‘Race and Ethnic Relations’ is mainly directed to the sociology student as it includes readings on ethnicity, race, and sociological theories. The author comes across as an enthusiastic and educated scholar that balances the projections, misconceptions and prejudices associated with race and its implications on US history. Blacks have a distinct history, as Russians, Germans, and the Irish among others. Marger breaks down how they entered the United States, the prejudices they endured, their power and incomes compared to other races. Marger comes strong when portraying that the US is largely dominated by white Anglo-Saxon Protestants. As such, their vast population ensured that African Americans endured tumultuous times in early America. Ultimately, African Americans progressed as they gradually attained the status of normal citizens.
In this chapter, Marger remarkably uses numerous sources to support his readings on African Americans in the US. The magnitude of information regarding blacks is immense. The Early era of US is presented as one of discrimination, stereotypes, and assimilation. Ethnic and race relations are portrayed as fluid and are prone to constant change. The information is arranged systematically as Marger reveals the entry of Africans in the US, the issues they had to deal with, and their struggle for liberation.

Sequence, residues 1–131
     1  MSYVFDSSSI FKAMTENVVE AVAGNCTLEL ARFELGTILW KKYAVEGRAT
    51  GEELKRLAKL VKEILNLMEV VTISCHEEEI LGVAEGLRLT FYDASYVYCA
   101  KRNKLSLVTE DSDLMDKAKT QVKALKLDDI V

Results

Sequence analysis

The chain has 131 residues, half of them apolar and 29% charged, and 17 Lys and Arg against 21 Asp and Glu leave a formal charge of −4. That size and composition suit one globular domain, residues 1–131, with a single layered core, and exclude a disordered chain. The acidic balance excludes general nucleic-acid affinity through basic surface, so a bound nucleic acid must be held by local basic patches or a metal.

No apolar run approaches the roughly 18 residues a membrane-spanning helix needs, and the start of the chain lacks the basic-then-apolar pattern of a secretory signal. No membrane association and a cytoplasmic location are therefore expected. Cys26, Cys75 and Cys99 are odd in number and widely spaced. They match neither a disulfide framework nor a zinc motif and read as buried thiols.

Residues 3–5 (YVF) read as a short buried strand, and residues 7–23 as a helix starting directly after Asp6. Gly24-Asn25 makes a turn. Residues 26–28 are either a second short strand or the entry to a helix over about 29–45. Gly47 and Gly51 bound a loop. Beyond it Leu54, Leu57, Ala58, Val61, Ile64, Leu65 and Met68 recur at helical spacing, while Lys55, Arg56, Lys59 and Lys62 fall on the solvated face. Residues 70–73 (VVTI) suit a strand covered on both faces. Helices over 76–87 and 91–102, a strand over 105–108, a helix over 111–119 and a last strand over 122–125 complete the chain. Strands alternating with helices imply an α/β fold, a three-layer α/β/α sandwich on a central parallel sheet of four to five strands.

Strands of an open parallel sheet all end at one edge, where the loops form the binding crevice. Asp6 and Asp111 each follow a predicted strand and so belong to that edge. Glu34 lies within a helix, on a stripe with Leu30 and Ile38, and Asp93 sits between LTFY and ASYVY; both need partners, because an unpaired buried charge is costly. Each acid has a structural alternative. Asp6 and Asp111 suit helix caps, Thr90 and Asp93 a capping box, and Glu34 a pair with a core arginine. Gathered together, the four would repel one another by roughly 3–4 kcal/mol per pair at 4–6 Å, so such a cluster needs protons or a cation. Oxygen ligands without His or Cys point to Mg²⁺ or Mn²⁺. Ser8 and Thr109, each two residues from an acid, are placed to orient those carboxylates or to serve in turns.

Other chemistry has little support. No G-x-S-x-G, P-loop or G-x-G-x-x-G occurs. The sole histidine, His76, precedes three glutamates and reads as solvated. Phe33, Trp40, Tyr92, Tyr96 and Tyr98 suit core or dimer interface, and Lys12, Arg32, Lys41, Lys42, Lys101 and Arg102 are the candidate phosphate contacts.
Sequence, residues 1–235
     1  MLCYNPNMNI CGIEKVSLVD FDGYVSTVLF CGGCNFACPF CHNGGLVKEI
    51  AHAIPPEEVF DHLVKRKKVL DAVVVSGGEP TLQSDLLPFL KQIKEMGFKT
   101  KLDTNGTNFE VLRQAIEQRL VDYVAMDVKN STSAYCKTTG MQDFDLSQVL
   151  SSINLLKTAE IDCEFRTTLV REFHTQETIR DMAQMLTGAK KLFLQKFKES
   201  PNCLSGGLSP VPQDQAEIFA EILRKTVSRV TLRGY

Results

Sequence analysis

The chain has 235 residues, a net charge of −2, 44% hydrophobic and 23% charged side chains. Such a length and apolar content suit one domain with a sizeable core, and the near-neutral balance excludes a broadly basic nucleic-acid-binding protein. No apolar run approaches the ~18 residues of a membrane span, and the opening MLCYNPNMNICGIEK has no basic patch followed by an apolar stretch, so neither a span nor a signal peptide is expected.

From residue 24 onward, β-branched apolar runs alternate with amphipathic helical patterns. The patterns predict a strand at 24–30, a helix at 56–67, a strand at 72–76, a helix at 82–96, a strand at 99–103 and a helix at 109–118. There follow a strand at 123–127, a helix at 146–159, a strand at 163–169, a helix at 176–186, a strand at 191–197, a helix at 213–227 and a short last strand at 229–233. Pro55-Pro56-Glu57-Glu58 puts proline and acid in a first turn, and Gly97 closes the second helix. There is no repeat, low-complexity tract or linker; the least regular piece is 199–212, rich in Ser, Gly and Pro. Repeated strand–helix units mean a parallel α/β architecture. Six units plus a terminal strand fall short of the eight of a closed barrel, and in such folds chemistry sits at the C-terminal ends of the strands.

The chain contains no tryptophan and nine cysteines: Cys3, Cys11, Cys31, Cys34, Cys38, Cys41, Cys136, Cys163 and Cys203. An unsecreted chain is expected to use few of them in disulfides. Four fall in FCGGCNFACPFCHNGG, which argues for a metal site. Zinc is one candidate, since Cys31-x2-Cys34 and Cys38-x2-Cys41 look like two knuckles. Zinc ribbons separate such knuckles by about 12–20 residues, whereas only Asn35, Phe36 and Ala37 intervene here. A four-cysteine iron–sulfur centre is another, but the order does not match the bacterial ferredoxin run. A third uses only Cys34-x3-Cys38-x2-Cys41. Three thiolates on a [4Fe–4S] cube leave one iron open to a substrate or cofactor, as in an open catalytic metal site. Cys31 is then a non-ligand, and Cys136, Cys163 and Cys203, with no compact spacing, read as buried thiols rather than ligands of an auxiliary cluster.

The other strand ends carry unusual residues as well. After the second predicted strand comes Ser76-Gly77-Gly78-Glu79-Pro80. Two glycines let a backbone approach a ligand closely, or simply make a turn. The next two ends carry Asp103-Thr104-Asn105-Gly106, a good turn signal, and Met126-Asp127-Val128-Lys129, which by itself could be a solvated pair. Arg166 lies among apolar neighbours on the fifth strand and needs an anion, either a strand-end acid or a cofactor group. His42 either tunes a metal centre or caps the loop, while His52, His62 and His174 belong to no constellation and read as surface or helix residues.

Through this chapter, one learns how Africans became part of America in the 16th century after being taken as slaves in North American colonies. After the United States achieved independence from Spanish and English colonialists, black people were still enslaved and considered inferior. Marger paints a clear picture of how these circumstances were changed by the Reconstruction era, development of the black society, the civil rights movement, and elimination of racial segregation. As they gradually gained freedom, states especially in the south worked to limit their progress.
The development of African Americans is seen through their endeavors of setting up congregations, community associations and schools, as they looked move away from white oversight or control. While they witnessed progress in the post-war reconstruction period, Marger uses significant examples such as the Jim Crow laws that curtailed this progress. To maintain dignity and self-esteem, blacks such as Mary Bethune and Anthony Overton continued build social clubs, banks, schools, and churches for African Americans.
Marger also reveals the political and economic progress blacks made during the post-civil rights period. For example, one learns of Douglas Wilder’s achievement of becoming the first African American to hold a governor’s office in the US. The final period of the 19th century oversaw the subsiding of racial violence and discrimination laws. Such laws include the racial segregation act. Such acts ensured voter suppression, mass racial violence, and denial of resources or economic opportunities aimed at blacks.
In conclusion, the reader gains a clear picture of the issues African Americans dealt with as they endeavored to emancipate themselves from white rule and control. Upon reading this book, one becomes enlightened on matters race and its influence of the African American community. This is a stimulating chapter on African American reality and perspectives in the US. Marger composes an enduring text. He conducts intricate research and uses numerous and relevant examples to reinforce his findings. Ultimately, this chapter and the entire book should not only be upheld by both the instructor and student. Anyone interested in socio-historic and comprehensive theories of global races from past to present.
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